In Chapter 7 bankruptcy, debtors are usually able to discharge (wipe out) credit card debts. Generally, credit card debts are treated like other unsecured claims in Chapter 7 cases. The Chapter 7 trustee may pay some of your credit card debt, along with other unsecured claims, in the unlikely event that your bankruptcy estate has enough money. In most cases, your obligation to pay the balance will be discharged upon successful completion of the case. However, there are a few exceptions in the case of fraud.
When the Trustee Pays Credit Card Creditors From the Bankruptcy Estate
Credit card companies are included among your creditors when you file bankruptcy under Chapter 7. Most Chapter 7 bankruptcies are “no asset cases.” In a no-asset case, there is no property in the estate that can be liquidated to raise money to pay creditors. In cases where there are assets, any money that can be raised is paid to creditors in order of priority.
Credit card debts, like most other unsecured obligations, are considered to be nonpriority claims. It is relatively rare for nonpriority creditors to receive any payment in Chapter 7 cases. Any payments that can be made are distributed on a pro rata basis, so that each unsecured creditor (including any credit card company) receives the same percentage of its claim – usually, nothing, or at most, pennies on the dollar.
Exceptions to the Dischargeability of Credit Card Debts
Many people file for Chapter 7 bankruptcy in order to discharge debts and get a fresh start with their financial lives. Most credit card debts are dischargeable through Chapter 7, which means you will not owe them once you complete the bankruptpcy.
However, there are some exceptions to the dischargeability of credit card debts. Credit card charges incurred through actual fraud, a false misrepresentation, or false pretenses are considered to be nondischargeable. There are two circumstances when credit card charges are presumed to have been incurred through fraud:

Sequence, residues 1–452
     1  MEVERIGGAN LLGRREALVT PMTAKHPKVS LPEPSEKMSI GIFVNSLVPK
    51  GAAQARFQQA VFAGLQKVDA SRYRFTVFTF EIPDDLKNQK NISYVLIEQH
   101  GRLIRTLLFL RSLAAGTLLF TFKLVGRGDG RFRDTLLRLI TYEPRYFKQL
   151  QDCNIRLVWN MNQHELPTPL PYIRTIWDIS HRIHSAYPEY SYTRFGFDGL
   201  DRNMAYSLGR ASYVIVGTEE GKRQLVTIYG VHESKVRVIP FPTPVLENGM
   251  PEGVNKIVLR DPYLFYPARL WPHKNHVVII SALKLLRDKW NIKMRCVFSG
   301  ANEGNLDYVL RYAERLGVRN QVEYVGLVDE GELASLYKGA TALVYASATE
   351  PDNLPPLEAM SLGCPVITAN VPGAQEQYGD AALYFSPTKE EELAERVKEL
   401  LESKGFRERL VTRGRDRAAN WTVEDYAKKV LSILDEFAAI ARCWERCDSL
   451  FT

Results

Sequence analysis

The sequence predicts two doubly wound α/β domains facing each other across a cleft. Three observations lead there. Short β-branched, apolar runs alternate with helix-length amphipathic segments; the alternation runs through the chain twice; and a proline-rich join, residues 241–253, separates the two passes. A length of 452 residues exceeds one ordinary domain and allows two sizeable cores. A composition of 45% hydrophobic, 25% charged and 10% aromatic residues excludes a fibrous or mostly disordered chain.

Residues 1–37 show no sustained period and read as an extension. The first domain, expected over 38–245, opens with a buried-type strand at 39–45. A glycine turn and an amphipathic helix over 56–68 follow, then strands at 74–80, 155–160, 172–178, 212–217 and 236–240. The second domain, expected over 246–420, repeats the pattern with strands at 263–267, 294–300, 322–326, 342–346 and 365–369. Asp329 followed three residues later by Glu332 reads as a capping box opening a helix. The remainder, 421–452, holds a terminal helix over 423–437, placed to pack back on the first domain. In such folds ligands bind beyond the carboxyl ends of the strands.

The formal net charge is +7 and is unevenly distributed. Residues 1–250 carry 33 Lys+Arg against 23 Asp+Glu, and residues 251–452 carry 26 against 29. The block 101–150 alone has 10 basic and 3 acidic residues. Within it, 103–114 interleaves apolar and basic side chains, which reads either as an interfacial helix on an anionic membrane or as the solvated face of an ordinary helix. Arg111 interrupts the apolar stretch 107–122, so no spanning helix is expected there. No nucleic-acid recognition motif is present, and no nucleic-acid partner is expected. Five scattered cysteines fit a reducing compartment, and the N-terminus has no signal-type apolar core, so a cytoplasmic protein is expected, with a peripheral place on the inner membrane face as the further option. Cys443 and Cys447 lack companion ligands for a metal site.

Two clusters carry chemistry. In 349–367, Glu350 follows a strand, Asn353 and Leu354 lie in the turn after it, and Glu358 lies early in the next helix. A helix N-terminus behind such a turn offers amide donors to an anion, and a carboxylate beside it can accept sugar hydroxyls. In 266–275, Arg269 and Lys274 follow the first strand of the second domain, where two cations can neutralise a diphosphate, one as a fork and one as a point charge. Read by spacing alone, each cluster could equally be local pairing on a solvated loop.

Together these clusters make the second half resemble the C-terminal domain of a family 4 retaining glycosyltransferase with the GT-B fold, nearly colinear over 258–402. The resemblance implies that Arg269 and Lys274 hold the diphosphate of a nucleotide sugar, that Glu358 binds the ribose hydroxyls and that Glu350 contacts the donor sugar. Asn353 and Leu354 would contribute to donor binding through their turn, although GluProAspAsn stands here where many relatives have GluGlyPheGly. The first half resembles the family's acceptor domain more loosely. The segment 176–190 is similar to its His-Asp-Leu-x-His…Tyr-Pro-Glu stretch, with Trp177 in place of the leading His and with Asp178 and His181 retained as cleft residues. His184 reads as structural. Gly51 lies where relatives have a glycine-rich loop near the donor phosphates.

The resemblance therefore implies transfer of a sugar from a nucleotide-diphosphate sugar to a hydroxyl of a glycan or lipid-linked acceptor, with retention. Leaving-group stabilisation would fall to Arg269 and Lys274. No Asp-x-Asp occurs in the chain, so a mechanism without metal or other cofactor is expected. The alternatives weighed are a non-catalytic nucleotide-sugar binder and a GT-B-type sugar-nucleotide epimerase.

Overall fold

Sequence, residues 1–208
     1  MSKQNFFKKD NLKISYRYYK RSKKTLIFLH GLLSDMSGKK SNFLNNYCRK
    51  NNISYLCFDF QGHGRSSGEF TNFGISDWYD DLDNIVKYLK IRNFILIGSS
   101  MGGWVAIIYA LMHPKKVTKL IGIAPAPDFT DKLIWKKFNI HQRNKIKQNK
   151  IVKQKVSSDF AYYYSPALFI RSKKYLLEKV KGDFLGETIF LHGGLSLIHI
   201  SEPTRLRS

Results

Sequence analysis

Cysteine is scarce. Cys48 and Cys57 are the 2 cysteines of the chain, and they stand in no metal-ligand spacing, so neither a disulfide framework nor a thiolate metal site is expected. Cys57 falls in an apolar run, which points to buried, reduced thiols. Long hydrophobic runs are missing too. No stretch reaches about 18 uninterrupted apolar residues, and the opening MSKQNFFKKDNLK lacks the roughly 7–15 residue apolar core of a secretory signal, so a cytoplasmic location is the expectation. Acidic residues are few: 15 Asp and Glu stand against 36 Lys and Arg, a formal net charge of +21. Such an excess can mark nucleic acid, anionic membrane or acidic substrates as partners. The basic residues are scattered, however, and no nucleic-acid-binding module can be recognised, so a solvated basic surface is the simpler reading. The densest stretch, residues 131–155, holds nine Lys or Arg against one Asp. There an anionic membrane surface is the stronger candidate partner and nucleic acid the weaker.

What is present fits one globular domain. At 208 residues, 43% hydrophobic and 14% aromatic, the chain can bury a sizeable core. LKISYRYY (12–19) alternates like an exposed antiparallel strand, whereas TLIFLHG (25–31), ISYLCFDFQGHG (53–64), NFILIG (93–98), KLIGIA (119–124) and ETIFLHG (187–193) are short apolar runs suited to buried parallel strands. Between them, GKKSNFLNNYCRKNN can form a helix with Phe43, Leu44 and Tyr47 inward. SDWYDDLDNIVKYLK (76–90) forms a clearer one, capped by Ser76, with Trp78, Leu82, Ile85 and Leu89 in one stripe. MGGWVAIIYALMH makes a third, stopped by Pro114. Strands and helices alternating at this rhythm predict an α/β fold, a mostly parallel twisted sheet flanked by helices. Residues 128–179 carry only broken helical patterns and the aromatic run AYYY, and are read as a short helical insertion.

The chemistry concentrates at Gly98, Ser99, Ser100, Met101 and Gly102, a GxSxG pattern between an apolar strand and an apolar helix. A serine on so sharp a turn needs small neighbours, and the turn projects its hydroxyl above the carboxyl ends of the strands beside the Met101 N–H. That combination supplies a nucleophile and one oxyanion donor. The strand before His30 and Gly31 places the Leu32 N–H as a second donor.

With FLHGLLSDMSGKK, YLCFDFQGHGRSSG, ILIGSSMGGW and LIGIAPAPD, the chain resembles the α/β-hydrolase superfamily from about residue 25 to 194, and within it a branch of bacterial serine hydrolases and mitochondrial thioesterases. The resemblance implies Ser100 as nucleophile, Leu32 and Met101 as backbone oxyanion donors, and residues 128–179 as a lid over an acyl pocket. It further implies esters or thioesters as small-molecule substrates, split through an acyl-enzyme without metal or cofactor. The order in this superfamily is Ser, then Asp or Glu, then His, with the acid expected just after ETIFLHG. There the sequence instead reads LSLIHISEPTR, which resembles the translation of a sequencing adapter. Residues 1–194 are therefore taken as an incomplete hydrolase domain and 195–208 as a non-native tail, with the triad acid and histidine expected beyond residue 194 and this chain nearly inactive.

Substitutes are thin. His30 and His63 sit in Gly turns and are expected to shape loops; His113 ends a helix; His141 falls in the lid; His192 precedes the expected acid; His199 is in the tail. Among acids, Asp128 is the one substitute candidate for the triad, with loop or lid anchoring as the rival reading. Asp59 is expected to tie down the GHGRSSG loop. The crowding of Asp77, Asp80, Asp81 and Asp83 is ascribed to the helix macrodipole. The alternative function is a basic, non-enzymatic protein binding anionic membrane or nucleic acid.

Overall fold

Luxury goods. If you use a single credit card to buy more than $650 worth of luxury goods or services within 90 days of filing for bankruptcy, the debt is presumed to be nondischargeable. Bankruptcy law defines “luxury goods or services” to exclude “goods or services reasonably necessary for the support or maintenance” of you or your dependents. Food, clothing, and gasoline, for example, are not ordinarily considered to be luxury goods.
Cash advances. If you use a credit card to take over $925 in cash advances within 70 days of filing bankruptcy, the debt is presumed to be nondischargeable, whether you use the advance for luxury goods or anything else.
The exceptions to discharge for luxury goods and cash advances are not absolute. Under bankruptcy law, it is presumed that any charges for luxury goods and cash advances, within the specified limits, were made through false pretenses, a false misrepresentation, or actual fraud. The presumption means that the burden is on you to demonstrate that you intended to and reasonably believed that you could repay the charge when you incurred it. This is very difficult to do.
How the Creditor Can Challenge Dischargeability
If a credit card company wants to argue that a debt is nondischargeable, it must file a complaint with the bankruptcy court. Unless it files such a complaint, even claims for luxury goods and cash advances are discharged along with other obligations against you.
In Chapter 7 bankruptcy, the deadline for filing complaints challenging the dischargeability of a credit card debt is 60 days after the first meeting of creditors.
If a creditor files a complaint for nondischargeability, you must file a timely answer if you want to dispute the creditor’s claim. If you file an answer, the bankruptcy court will hold a hearing before deciding whether or not your debt is dischargeable.
Guarantors and Cosigners on Credit Card Debt
The discharge applies only to the debtor in a bankruptcy case. It does not extend to guarantors or cosignors. If anyone else is liable for charges that you made on a credit card, they will still be liable after you file Chapter 7 bankruptcy, regardless of whether the claim is dischargeable against you.